Hearing Loss and Mental Health

March 4th, 2015 | by Andreas Seelisch | Hearing Loss
Hearing Loss and Mental Health

Updated January 25, 2017

Mental Health Week in Canada is here. It’s nothing new that researchers have been looking at the links, if any, between hearing loss and mental health for a little while now.

Social isolation and depression have been highlighted as possibly being linked to untreated hearing impairment. It’s estimated that 350 million people worldwide suffer from depression and that by 2020 it will be the leading cause of disability in the world.

In one study looking at people over 50, those that had untreated hearing loss were more likely to suffer from things like depression, anxiety, anger and paranoia. The degree of these mental issues increased, along with the severity of the hearing impairment.

In the US, one survey revealed that adults with a hearing impairment were more likely to be depressed than those who had excellent hearing and even more than those who were fully deaf.

Signs of depression include:

  • Persistent feelings of sadness, anxiety, emptiness, pessimism, hopelessness, irritability or restlessness
  • Fatigue and low energy
  • Difficulty concentrating, remembering details and making decisions
  • Suicidal thoughts

Hearing loss taking a toll

Being social creatures by nature, hearing loss can pose a barrier between those who have hearing loss and the rest of the world. Social interactions with family, friends, and coworkers can become more difficult. Straining to hear clearly can cause frustration and fatigue. The strain of expending so much energy trying to hear accurately may also contribute to a loss in memory.

Johns Hopkins researchers published their findings on the link between hearing loss and mental decline in 2013. They had looked at 2000 volunteers over a six-year period. All the volunteers were over 70 years old. The study found that those with hearing loss were more likely to develop cognitive impairment. It led them to estimate that older adults with a hearing impairment would experience cognitive impairment in approximately 8 years versus 11 years in those who didn’t have a hearing loss.

Researchers at Johns Hopkins, think that social isolation, which is considered to be a symptom of hearing loss, may result in a lack of stimulation for the brain, leading to cognitive impairment and dementia. Their findings were released in the JAMA Internal Medicine Journal.

But other researchers around the world have found that the link between hearing loss and mental health conditions like depression and anxiety, isn’t only found among older adults. Studies completed in Italy and Australia found that younger adults experienced symptoms often associated with depression, psychological distress and irritability.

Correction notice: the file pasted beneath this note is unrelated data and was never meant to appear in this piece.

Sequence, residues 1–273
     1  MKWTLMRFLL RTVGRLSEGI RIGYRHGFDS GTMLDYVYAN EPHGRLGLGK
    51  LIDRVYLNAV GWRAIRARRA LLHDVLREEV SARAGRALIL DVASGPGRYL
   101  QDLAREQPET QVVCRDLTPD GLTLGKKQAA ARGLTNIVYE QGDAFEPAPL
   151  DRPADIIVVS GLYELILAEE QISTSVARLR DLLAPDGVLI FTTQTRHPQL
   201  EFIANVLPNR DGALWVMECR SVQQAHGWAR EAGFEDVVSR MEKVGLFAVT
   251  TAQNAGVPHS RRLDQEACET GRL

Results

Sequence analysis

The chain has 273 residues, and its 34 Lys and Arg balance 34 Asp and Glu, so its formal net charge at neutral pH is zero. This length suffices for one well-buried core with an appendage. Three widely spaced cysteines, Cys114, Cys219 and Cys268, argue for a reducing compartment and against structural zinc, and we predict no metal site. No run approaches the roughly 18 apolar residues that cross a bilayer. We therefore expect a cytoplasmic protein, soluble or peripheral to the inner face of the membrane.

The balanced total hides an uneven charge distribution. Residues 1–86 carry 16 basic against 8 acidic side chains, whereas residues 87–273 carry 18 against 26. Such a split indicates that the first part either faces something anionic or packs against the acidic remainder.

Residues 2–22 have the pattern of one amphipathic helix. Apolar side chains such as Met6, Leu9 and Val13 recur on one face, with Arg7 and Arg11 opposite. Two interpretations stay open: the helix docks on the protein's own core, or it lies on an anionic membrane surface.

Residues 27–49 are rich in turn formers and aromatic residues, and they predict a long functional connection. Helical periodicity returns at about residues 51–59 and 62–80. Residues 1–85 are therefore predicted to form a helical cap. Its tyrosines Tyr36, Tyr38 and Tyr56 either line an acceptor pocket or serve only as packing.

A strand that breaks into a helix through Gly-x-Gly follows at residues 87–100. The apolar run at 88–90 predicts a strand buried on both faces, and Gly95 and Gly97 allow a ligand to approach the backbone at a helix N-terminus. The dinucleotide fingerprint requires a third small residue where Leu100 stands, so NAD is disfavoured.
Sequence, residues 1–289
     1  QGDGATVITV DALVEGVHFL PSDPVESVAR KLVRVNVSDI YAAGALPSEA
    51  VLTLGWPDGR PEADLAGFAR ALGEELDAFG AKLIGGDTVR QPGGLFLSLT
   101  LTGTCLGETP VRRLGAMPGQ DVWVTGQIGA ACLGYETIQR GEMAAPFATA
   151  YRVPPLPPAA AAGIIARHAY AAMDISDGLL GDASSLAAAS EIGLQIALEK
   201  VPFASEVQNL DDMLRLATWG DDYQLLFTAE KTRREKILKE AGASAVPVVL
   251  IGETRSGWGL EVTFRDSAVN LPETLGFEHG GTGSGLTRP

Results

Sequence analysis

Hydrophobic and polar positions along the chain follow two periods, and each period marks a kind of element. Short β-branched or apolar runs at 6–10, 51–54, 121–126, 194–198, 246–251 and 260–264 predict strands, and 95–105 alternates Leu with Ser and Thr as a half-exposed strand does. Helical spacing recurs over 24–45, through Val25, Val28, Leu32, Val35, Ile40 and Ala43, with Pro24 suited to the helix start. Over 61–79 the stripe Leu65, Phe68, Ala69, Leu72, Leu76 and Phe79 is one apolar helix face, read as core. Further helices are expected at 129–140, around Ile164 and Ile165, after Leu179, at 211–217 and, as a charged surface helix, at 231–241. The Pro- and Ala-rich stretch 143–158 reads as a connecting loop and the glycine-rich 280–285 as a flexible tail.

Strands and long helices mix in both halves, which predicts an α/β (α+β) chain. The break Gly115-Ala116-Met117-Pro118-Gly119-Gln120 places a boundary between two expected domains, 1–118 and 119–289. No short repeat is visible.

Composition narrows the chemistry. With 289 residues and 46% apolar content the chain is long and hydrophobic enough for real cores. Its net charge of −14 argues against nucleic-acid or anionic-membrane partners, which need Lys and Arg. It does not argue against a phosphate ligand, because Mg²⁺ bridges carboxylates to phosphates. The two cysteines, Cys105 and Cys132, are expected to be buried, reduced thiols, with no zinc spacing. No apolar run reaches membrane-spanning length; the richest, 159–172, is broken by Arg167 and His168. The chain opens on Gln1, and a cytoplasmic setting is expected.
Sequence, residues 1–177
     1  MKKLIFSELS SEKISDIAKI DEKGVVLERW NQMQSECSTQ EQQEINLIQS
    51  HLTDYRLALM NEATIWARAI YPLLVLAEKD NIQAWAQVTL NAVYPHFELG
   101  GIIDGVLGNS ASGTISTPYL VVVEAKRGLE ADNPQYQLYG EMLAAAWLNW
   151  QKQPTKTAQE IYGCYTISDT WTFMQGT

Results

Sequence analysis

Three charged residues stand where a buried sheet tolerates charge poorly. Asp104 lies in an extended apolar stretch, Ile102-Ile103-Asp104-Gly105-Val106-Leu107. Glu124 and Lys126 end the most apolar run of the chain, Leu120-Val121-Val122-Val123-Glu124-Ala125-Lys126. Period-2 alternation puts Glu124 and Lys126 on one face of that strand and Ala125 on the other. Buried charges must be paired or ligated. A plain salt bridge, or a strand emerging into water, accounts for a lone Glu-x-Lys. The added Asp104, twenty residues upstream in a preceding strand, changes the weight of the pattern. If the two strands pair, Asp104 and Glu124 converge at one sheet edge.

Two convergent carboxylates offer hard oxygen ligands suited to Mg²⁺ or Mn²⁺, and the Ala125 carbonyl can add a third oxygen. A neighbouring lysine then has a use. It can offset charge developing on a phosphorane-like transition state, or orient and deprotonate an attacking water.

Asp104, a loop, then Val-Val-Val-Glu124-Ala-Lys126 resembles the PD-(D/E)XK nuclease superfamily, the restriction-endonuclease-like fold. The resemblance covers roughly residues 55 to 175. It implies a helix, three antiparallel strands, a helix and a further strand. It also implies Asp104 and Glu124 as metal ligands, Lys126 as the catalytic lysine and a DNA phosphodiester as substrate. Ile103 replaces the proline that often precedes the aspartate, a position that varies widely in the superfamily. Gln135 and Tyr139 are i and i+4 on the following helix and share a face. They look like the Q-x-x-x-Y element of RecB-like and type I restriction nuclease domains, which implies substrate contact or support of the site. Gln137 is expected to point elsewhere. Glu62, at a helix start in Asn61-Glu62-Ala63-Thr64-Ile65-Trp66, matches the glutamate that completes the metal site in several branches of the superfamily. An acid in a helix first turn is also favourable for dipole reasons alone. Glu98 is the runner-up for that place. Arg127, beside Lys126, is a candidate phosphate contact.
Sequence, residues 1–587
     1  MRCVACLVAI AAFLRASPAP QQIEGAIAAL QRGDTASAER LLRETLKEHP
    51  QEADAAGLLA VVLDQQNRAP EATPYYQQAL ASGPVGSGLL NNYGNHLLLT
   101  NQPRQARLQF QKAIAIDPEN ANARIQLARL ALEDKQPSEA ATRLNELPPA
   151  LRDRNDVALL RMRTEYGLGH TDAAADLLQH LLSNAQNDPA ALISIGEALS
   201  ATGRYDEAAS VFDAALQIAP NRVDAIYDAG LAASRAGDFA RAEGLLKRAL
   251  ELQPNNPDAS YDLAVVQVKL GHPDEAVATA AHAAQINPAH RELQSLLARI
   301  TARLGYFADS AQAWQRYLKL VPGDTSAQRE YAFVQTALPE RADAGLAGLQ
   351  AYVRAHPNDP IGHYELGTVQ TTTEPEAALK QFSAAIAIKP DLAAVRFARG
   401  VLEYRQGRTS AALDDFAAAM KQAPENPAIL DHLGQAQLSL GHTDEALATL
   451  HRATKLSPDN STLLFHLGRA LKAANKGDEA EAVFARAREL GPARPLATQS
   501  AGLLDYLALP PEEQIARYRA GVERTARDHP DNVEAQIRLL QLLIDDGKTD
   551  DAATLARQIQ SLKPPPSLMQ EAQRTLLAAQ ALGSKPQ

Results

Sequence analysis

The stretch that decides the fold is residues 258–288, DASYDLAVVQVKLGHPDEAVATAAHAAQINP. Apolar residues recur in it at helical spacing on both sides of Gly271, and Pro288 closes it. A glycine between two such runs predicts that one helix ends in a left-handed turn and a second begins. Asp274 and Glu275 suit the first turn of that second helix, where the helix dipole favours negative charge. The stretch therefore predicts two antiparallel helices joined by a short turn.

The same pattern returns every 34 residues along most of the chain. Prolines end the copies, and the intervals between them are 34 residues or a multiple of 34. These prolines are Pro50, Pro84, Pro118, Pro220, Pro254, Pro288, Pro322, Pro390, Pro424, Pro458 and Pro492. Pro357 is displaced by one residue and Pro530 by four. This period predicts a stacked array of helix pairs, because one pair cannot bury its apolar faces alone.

What’s the solution?

We could continue to talk about all of the statistics and studies showing a link between mental illness and hearing loss, but the point should be noted that hearing impairment is not just about not hearing well. The effects are far-reaching and since mental health is as important as your hearing health, or overall physical health, the question is how do people cope?

Any Audiologist or Hearing Instrument Specialist will tell you that if you have any tell-tale signs of hearing loss, you should get a full hearing assessment completed. The Hearing Solutions website has a simple online Hearing Evaluation that you can take to find out if you should get yourself a hearing test.

Promptly identifying and treating any hearing loss may be a step in the right direction towards better hearing and better mental health.

Signs of hearing loss include:

  • Avoiding social activities
  • Isolation from friends and family
  • Stress
  • Reduced alertness
  • Difficulty following conversations in a noisy restaurant, crowded room, at church or at work
  • The feeling that everyone is mumbling and not speaking clearly
  • Constantly asking people to repeat themselves
  • The tendency to turn up the volume on the television

If this short list sounds like you, then it may be time to book a free hearing test here and find out what may or may not be going on with your hearing. Hearing loss treatment usually involves a prescription of hearing aids suited to your individual hearing amplification needs.

Hearing tests are always painless and at Hearing Solutions results are discussed right after your full assessment has been completed.

Never underestimate the importance of good hearing health.

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